Adding a new type in this model is simple; the graph remains completely connected when a new vertex is added, provided there is an inbound edge from inside the current graph and an outbound edge to the same graph.

There is no particular reason to prefer the Floyd–Warshall algorithm over Dijkstra or Bellman–Ford. We forbid negative weights and the number of vertices should be relatively small, so any of these would be suitable.


The function to is a singleton instance of the class Its state is effectively global state of the QuTiP module. We use a class with attributes instead of module-level variables for two reasons:

  1. it allows us to have both the __getitem__ syntax and the call syntax on the same object

  2. it’s more convenient to have add_conversions() as a method attched directly to the function, rather than it being somewhere totally separate

Because of its global-stateful nature, we refer to to as the knowledge source of data-layer types. This means that all the dispatchers depend on it, and all dispatchers store a reference to themselves in to so that they can be updated when new data types are added.

Efficiency Notes

We generally prefer to use more memory to make speed gains in the conversion (and dispatching) operations. The amount of additional memory used is trivial for the number of types defined in the data layer, but any speed penalty must be paid on every single call.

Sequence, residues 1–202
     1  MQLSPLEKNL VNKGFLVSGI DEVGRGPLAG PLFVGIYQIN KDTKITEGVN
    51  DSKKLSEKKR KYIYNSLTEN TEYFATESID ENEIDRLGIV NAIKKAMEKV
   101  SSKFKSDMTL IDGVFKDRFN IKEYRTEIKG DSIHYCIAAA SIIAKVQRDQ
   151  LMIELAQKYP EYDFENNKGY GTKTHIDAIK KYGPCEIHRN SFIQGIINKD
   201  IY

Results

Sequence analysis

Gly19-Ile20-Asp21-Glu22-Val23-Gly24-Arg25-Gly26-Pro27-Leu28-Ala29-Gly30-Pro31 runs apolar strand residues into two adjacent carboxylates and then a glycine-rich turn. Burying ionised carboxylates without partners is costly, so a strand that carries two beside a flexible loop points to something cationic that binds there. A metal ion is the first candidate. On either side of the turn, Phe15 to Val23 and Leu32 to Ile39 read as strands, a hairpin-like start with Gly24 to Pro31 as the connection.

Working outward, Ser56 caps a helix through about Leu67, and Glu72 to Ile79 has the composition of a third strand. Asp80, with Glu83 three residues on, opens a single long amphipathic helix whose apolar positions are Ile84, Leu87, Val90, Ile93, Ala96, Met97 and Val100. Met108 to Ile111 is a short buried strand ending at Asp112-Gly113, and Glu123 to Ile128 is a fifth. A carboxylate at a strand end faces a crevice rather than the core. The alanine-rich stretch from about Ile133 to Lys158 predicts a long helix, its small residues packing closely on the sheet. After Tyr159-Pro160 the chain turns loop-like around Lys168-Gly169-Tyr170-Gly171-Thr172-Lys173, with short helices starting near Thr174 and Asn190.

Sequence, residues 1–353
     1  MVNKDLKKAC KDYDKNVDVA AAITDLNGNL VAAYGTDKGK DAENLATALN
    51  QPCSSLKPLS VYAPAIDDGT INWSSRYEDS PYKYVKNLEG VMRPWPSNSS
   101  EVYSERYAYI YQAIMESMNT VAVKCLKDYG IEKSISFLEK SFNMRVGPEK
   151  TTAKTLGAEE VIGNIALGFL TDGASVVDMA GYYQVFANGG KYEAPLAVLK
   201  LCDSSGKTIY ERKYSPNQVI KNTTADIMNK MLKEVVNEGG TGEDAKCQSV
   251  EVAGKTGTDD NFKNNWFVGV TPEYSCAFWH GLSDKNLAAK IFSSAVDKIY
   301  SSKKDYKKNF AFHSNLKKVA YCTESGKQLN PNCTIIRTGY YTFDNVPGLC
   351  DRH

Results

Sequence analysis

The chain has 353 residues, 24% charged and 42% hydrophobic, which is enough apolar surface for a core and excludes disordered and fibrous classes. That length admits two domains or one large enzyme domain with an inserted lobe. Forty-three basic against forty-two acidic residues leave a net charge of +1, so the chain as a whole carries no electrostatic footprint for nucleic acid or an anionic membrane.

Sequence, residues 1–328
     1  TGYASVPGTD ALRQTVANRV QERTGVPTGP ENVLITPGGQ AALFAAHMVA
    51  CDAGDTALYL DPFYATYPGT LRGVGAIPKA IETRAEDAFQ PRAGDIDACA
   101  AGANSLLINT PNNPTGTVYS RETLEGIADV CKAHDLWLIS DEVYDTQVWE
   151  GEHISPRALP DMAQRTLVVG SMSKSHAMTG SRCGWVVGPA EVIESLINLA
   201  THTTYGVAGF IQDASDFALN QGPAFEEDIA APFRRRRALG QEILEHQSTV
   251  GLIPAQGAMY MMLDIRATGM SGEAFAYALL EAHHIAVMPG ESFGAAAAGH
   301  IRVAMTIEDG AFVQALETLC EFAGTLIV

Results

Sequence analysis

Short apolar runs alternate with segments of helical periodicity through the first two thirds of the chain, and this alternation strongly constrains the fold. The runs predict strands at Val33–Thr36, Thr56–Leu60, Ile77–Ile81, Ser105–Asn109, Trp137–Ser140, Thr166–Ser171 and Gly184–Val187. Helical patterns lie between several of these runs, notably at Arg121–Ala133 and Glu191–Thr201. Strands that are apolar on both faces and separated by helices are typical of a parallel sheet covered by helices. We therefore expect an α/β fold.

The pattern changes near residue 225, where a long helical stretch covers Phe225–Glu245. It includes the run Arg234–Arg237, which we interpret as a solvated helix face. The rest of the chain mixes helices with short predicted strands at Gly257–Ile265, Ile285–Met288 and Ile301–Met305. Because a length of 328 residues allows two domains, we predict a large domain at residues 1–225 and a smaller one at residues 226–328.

The entire to object and all subsidiary _converter and _partial_converter objects are pickleable, and so can be sent across a pipe.

The converters returned by single-key access (e.g.[data.Dense]) are constructed individually on a call to __getitem__, and are instances of the private type, which internally stores a reference to every “full” converter, and dispatches to the correct one when called. There is no efficiency gain from using one of these objects, they are provided only for convenience.

Internally, to(to_type, data) effectively calls to[to_type, type(data)], so storing the object elides the creation of a single tuple and a dict lookup, but the cost of this is generally less than 100ns so it is generally not necessary to do it unless you will be making millions of calls to fast operations in a tight loop.